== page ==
Myeloma 101: FISH Testing in Myeloma
FISH testing (fluorescence in situ hybridization) is a way of testing myeloma genetics in individual patients.
It uses special fluorescent dyes that only attach to specific parts of chromosomes. FISH can find most chromosome changes (such as deletions or translocations) that can be seen under a microscope in standard cytogenetic tests, as well as some changes too small to be seen with usual cytogenetic testing.
FISH can be used to look for specific changes in chromosomes. It can be used on regular blood or bone marrow samples. It is very accurate and can usually provide results within a couple of days, which is why this test is now used in many medical centers.
In the FISH test, you get what you test for. That means if the doctors does not run a probe in the FISH test for a particular myeloma genetic feature (like the 11;14 or del17p probes) then the test will be negative because that genetic feature was never looked for.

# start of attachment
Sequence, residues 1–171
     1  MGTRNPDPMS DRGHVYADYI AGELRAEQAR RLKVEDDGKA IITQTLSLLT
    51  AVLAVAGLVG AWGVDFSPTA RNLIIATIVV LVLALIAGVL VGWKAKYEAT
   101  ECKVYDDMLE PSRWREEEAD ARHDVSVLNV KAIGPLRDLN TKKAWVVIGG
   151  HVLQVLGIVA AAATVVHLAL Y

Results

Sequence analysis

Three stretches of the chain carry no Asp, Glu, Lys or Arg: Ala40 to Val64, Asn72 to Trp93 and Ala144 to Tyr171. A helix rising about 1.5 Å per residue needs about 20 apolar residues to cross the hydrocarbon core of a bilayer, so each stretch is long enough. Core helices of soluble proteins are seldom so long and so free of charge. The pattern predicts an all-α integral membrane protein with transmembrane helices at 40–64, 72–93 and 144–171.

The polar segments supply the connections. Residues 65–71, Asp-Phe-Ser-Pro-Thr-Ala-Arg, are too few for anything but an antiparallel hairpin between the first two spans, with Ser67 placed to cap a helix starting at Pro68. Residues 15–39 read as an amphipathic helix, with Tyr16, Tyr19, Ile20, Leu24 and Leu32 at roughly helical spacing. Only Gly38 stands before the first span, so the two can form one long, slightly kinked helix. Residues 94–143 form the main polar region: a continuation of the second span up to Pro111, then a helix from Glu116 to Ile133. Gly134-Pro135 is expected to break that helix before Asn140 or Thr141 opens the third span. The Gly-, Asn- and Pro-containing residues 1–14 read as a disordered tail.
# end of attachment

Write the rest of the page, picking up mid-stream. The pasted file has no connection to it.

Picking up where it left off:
Importantly, if patients receive even a few cycles of therapy before the FISH test is run, that treatment can kill the myeloma cells which contain valuable data about the type of myeloma a patient may be struggling with. It is critical that myeloma patients get the FISH test at diagnosis and at relapse while they still have measurable disease.
Dr. Rafael Fonseca of the Mayo Clinic shares the proper use and common mistakes of using the FISH test in myeloma.